Creating a 21st Century Conservation Ethics Framework
Includes a Live Event on 03/11/2021 at 1:00 PM (EST)
March 11, 2021 at 1:00-3:00 p.m. Eastern Time
$19 registration fee, maximum 50 participants
Interested individuals must apply to participate in the workshop. Applications are due January 22, 2021. See "Application Information" tab for details.
This interactive workshop will allow participants to further evaluate conservation’s ethical framework through a critical lens. Participants will be led through discussions of topics brought up in the Social Justice and Conservation webinar series such as how choices conservators make regarding neutrality, decolonization, communities, and public monuments have real effects on people. The facilitator will help participants reimagine what a more equitable conservation field could look like if we included marginalized communities and recognized our own biases. Participants will leave with tools that can be applied to their own practice and tips on how to educate their coworkers and clients on the topics that were discussed, thereby also helping to further disseminate the knowledge.
The workshop will take place on Zoom and captions will be available for those who choose to use them.
Interested individuals must apply to participate in the workshop. Applications are due January 22, 2021. Applicants will be notified of their application status within three weeks of the application deadline. Students selected to participate in the workshop will be offered complimentary registration when notified of their acceptance.
Fifty participants will be selected with an effort to include a diverse group in terms of background, career stage, geographic location, and specialty. Applications will also be evaluated based on the criteria for review below. Applicants from under-represented groups are especially encouraged to apply.
Criteria for Review:
- Interest in the workshop topic
- Commitment to social justice in cultural heritage conservation
- Plan to disseminate knowledge and skills gained from the workshop
- Preference may be given to applicants from under-represented or under-served groups
The Foundation for Advancement in Conservation (FAIC) is able to provide pre-program and graduate students complimentary registration for this workshop thanks to a donation make by an anonymous donor in honor of Peggy Ellis. Students selected to participate in the workshop will be offered complimentary registration when notified of their acceptance. No further action is required.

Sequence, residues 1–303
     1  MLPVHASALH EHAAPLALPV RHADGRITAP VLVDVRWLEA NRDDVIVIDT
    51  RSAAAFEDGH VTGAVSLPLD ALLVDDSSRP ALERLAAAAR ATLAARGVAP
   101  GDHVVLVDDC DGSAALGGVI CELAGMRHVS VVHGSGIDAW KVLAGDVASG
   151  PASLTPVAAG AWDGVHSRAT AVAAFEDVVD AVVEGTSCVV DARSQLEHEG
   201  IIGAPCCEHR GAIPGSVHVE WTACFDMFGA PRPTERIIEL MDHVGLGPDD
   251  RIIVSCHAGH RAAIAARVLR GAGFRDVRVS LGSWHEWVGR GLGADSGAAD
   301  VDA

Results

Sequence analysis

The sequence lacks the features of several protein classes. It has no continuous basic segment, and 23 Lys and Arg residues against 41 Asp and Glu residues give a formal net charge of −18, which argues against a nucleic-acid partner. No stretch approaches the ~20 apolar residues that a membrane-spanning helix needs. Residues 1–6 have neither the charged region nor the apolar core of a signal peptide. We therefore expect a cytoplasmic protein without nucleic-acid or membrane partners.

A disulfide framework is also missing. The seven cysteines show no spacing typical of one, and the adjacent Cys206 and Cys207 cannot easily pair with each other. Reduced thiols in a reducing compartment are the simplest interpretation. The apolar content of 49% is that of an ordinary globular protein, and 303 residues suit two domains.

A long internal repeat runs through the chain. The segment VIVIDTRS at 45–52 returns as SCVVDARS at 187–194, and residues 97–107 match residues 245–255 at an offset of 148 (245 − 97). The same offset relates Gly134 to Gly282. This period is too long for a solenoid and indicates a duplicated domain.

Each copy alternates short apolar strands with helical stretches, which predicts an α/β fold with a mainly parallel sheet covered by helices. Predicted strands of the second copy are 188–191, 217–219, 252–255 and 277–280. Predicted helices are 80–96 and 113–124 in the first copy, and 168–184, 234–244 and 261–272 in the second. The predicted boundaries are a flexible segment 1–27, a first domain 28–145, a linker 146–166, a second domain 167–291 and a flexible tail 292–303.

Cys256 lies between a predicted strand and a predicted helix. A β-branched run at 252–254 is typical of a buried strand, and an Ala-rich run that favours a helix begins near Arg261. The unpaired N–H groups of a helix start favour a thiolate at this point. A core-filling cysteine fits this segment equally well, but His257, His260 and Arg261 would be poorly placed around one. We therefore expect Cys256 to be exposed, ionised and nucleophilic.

This program is supported by the Foundation for Advancement in Conservation Endowment for Professional Development. FAIC was created by a grant from The Andrew W. Mellon Foundation and is supported by donations from members of the American Institute for Conservation (AIC) and its friends. Programs are made possible with the assistance of many AIC members, but no AIC membership dues were used to create or present this course. FAIC relies on your contributions to support these and its many other programs. Learn more about donating to the foundation here.
Additional support for this program was provided by AIC's Book and Paper Group (BPG), Object Specialty Group (OSG), and Research and Technical Studies (RATS). Thank you to AIC's Equity and Inclusion Committee (EIC) and Emerging Conservation Professionals Network (ECPN) for assisting with the organization of this program.
Mountain Top Vision
Dina Bailey is the CEO of Mountain Top Vision, a consulting firm that generates systemic change within organizations so that they can more positively impact their communities and, so, impact the world. Using a unique approach that combines research in empathy, bias, diversity, equity, and inclusion with strategies and techniques from the fields of education, anthropology, and transitional justice, Mountain Top Vision specializes in supporting organizations as they transform themselves into places that consistently center inclusion in decision-making and action. Dina has over 15 years of experience in formal and informal education. Ten years of that time were focused on building deep, authentic community relationships through various dialogic formats at both the National Underground Railroad Freedom Center as well as the National Center for Civil and Human Rights. Those organizations’ missions tied, the past, present, and future together through the topics of enslavement and civil rights respectively. The remaining five years have been spent in consulting with organizations who more often than not need support in having difficult conversations, about topics that center or intersect with race, with members of their staff and communities. Dina may be reached at and .